The LiederNet Archive
WARNING. Not all the material on this website is in the public domain.
It is illegal to copy and distribute our copyright-protected material without permission.
For more information, contact us at the following address:
licenses (AT) lieder (DOT) net

Three Anti-Modernist Songs

Word count: 289

Song Cycle by Henry Dixon Cowell (1897 - 1965)

Show the texts alone (bare mode).

1. A sharp, where you'd expect a natural [ sung text checked 1 time]

Subtitle: Directions for Composing a Wagner Overture

Language: English

Authorship


Go to the single-text view


A sharp, where you'd expect a natural,
A natural, where you'd expect a sharp;
No rule observed but the exceptional,
And then (first happy thought!) bring in a Harp!
 
No bar a sequence to the bar behind,
No bar a prelude to the next that comes;
Which follows which you really needn't mind --
But (second happy thought!) bring in your drums!
 
For harmonies, let wild discords pass;
Let key be blent with key in hideous hash;
Then (for last happy thought!) bring in your Brass!
And clang, clash, clatter -- clatter, clang and clash!


About the headline (FAQ)

Submitted by T. P. (Peter) Perrin

2. Hark! from the pit a fearsome sound [ sung text checked 1 time]

Language: English

Authorship


Go to the single-text view


Hark! from the pit a fearsome sound
That makes the blood run cold;
Symphonic cyclones rush around --
And the worst is yet untold.
 
No -- they unchain those dogs of war,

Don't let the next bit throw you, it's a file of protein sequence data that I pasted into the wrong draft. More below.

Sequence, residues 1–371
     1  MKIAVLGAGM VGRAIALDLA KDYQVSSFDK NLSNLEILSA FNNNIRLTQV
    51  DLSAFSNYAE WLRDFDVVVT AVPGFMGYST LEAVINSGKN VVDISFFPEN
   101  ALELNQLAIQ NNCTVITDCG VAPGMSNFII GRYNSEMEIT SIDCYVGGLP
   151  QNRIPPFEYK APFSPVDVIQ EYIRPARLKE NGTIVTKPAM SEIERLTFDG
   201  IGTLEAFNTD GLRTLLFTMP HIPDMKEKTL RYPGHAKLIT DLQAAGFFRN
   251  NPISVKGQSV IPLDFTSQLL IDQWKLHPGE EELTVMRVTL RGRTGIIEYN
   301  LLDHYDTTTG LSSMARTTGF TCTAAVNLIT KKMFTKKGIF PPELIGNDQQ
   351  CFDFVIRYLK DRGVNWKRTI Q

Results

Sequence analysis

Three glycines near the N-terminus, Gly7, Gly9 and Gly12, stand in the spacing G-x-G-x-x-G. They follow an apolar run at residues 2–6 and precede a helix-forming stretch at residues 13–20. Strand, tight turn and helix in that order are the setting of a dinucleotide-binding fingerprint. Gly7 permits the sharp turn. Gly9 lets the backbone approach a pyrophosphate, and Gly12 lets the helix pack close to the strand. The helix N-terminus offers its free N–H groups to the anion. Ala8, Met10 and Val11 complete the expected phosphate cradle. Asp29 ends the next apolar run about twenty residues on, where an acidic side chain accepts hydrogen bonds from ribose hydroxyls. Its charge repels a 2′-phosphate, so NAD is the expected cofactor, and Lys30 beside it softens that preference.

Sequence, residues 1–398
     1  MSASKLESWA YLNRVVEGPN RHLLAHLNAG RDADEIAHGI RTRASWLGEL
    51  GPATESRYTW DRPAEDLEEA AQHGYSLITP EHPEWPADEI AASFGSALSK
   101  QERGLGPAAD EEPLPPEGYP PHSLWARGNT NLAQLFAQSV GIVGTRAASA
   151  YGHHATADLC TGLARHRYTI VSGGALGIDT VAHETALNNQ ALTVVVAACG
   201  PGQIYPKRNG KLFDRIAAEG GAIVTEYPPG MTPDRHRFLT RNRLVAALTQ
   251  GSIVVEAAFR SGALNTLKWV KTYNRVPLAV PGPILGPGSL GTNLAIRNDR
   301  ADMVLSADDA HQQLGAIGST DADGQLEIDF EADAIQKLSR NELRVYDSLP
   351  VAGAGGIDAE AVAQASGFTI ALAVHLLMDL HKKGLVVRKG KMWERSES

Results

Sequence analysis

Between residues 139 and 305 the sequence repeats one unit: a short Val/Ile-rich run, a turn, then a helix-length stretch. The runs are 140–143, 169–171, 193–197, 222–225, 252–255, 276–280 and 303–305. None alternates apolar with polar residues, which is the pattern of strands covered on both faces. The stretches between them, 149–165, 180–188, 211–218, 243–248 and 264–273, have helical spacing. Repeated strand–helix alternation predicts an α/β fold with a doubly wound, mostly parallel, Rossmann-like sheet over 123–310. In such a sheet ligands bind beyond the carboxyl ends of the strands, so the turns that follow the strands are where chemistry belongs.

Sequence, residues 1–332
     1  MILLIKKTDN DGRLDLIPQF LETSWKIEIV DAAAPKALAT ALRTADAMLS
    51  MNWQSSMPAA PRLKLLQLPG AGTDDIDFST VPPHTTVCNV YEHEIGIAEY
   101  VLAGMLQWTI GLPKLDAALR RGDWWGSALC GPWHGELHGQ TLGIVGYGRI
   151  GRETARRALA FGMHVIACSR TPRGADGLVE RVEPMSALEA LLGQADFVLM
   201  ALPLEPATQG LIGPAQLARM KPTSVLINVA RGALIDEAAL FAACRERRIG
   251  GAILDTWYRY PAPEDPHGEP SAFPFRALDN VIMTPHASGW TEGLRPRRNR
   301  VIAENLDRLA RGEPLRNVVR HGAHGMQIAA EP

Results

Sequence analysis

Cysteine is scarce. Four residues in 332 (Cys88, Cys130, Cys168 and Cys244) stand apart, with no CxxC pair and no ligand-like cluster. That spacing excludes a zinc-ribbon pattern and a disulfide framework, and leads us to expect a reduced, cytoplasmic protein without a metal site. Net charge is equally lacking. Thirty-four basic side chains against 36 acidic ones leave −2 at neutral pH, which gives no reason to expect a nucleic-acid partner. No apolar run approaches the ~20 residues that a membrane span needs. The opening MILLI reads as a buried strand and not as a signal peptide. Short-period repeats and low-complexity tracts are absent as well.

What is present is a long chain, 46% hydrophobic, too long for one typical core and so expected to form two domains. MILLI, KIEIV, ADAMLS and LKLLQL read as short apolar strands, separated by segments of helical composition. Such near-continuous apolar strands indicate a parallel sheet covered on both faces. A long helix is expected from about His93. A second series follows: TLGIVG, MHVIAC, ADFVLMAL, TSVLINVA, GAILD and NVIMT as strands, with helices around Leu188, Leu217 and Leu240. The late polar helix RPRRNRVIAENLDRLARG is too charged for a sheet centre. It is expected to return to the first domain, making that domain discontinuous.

The wild sarrusophones,
A double-bass E-flat to roar
Whilst crunching dead men's bones.
 
The muted tuba's dismal groan
Uprising from the gloom,
And answered by the heckelphone,
Suggest the crack of doom.
 
Oh mama! Is this the earthquake zone?
What ho, there, stand from under!
Or is it the tonitruone
Just imitating thunder?
 
Nay, fear not, little one, because
Of this sublime rough-house;
'Tis modern opera by the laws
Of Master Richard Strauss.
 
Singers?  They're scarcely heard nor seen --
In yon back seat they sit;
The day of Song is past, I ween:
The orchestra is "it."


About the headline (FAQ)

Submitted by T. P. (Peter) Perrin

3. Who wrote this fiendish "Rite of Spring"? [ sung text checked 1 time]

Language: English

Authorship


Go to the single-text view


Who wrote this fiendish "Rite of Spring"?
What right had he to write the thing?
Against our helpless ears to fling
Its crash, clash, cling, clang, bing, bang bing?
 
And then to call it "Rite of SPRING,"
The season when on joyous wing
The birds melodious carols sing
And harmony's in every thing!
 
He who could write the "Rite of Spring,"
If I be right by right should swing!


About the headline (FAQ)

Submitted by T. P. (Peter) Perrin

Gentle Reminder
This website began in 1995 as a personal project, and I have been working on it full-time without a salary since 2008. Our research has never had any government or institutional funding, so if you found the information here useful, please consider making a donation. Your gift is greatly appreciated.
     - Emily Ezust

Browse imslp.org (Petrucci Music Library) for Lieder or choral works